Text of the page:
Fat is used more readily at lower intensities whilst glycogen is preferred as the time spent exercising increases or the intensity levels rise. The trouble here is that glycogen stores can be depleted relatively quickly leaving the athlete tired, dizzy and even nauseous if levels drop low. This is whats known as 'hitting the wall' and has been felt by many first time marathon runners.
The average person can only store enough glycogen in their muscles for around 20 miles of running.
On the other hand the average person actually has enough fat stores to use as energy for over 100 miles of running.
So the theory goes that if you can adapt your body to utilising fat stores more efficiently you will delay the point at which your body swaps to using glycogen stores and hence the time it takes before your carbohydrate stores are depleted and you are fatigued.
Indeed a study here showed that adapting to a high-fat diet will teach your body to burn fat at much higher rates than typically observed. During a progressive treadmill test to exhaustion, a group of athletes on a high-fat diet (71% fat) were able to burn fat at a rate of 1.54 grams per minute compared to a maximum rate of 0.67 grams per minute in a high-carb group (28% fat).
The high-fat group also reached their maximal rate of fat burning at a higher relative intensity (70.25 percent of VO2 max) than the high-carb group (54.89 percent of VO2 max), which means they're able to run faster while still burning fat at a high rate rather than switching to their precious glycogen stores.
Craig has estimated they will need around 8000 calories a day for the race. This will still leave them in a small daily deficit but they also have to take into account how feasible it will be to eat 8000 calories a day whilst paddling.
Another important factor for Craig and why getting better at utilising fat could be so important is the relative weight of carrying all those calories they need for the 10 day trip. There is more energy in fat per gram of weight, so opting for a higher fat diet means carrying less weight overall.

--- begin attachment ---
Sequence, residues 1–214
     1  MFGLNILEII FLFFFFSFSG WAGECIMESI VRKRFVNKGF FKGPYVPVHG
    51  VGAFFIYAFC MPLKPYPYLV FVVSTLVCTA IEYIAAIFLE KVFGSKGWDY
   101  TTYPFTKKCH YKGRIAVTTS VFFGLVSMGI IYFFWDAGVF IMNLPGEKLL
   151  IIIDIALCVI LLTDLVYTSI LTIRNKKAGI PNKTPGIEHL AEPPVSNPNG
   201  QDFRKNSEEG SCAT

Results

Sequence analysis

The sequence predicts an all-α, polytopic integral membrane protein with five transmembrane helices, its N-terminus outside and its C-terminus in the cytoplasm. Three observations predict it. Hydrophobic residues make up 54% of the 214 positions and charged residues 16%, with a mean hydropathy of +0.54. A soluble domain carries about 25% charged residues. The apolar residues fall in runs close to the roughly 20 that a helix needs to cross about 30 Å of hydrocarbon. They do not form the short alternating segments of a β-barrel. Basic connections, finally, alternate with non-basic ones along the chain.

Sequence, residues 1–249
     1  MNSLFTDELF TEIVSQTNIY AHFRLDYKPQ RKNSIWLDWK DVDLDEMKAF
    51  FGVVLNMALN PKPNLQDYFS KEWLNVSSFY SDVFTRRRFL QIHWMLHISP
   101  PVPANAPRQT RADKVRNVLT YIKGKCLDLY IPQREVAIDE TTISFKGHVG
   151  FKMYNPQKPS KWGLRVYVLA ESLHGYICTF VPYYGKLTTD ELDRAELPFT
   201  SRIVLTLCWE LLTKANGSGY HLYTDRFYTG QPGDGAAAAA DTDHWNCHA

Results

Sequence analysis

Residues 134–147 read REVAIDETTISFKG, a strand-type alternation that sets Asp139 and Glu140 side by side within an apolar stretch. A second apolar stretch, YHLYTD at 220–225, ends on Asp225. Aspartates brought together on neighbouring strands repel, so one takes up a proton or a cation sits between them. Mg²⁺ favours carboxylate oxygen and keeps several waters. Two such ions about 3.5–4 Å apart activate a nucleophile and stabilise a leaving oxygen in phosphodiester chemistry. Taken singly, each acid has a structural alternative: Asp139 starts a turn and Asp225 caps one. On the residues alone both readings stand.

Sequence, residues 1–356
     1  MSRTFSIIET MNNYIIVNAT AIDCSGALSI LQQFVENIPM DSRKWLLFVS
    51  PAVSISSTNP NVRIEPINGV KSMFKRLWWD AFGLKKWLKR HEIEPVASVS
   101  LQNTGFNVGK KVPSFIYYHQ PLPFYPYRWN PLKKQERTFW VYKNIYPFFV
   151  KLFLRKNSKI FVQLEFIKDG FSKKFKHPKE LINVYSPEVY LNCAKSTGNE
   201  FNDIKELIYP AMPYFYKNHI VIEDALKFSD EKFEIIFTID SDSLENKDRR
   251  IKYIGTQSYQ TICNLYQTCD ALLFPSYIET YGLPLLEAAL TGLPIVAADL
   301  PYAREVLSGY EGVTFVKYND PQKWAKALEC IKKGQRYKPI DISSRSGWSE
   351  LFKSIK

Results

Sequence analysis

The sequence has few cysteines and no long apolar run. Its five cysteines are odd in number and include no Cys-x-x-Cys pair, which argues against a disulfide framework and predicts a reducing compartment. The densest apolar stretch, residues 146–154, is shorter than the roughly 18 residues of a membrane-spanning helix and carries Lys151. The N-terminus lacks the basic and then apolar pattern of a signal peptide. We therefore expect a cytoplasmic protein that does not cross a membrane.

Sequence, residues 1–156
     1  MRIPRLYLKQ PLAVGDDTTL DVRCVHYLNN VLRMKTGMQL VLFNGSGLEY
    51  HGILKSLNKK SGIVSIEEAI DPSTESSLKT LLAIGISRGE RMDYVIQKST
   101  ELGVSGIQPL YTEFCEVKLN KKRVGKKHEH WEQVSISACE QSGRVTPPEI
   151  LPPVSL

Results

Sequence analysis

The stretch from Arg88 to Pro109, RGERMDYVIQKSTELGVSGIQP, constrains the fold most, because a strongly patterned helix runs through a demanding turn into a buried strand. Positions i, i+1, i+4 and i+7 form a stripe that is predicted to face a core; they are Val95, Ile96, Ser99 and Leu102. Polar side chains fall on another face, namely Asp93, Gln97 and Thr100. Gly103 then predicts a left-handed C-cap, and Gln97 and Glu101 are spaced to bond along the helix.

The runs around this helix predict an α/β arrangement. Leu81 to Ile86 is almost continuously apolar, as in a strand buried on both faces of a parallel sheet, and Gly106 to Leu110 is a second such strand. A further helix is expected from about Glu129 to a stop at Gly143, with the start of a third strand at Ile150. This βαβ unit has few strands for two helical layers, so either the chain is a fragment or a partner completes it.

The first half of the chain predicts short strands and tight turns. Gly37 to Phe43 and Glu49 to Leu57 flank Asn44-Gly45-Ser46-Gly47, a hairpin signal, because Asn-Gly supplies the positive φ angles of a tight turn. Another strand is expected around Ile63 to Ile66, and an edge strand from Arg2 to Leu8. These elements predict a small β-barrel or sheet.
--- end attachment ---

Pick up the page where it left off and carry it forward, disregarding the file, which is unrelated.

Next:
1 gram of Carbohydrate provides 4 calories of energy.
1 gram of Protein provides 4 calories of energy
1 gram of Fat provides 9 calories of energy.
On a fairly standard diet of 60% carbs, 20% protein, 20% fat:
8000 calories =
4,800 cals from carbs
1,600 cals from protein
1,600 cals from fat
This equates to =
1,200g of carbs (4,800 cals divided by 4),
400g of protein (1,600 cals divided by 4)
177g of fat (1,600 cals divided by 9)
Total weight = 1,777g of food weight.
On a high fat race diet of 30% carbs, 10% protein, 60% fat:
8000 calories =
2,400 cals from carbs
800 cals from protein
4,800 cals from fat
This equates to =
600g of carbs (2,400 cals divided by 4),
200g of protein (800 cals divided by 4)
533g of fat (4,800 cals divided by 9)
Total weight = 1,333g of food weight.
If Craig can become more efficient at using fat as an energy source not only will he be able to paddle for longer without becoming fatigued and depleting his glycogen stores he will also have to carry about 25% less weight in food with him during the 10 day race. This equates to 4.5kg less.
Craig has only recently started adapting his diet but is already reporting back that his experiments with a higher fat content have definitely been proving beneficial so far.
Then April 2020 rolls around..............
And we all know what happened next. The world goes into lockdown.
It was inevitable with everything that was happening around the world that the Yukon 1000 in July was going to be postponed.
It was a hard pill for Craig to take after putting in so much hard work and really feeling that they were getting close to being ready for such an epic adventure.
With all race entries being carried over to next year and after the initial disappointment waned a little, Craig and Skip have now got all eyes on the next 12 months of training. And as they say in the video, with another 12 months of properly planned sessions under their belts they might not just be taking part but actually competing for finishing times too.
If you would like to follow Craig and Skip on their paddleboard training and Yukon 1000 prep head here....
For more information on the Yukon 1000 race check out their website: www.yukon1000.org
If you would like more information on fitness training for paddleboarding or any other boardsports then take a look around the rest of my website and drop me an email.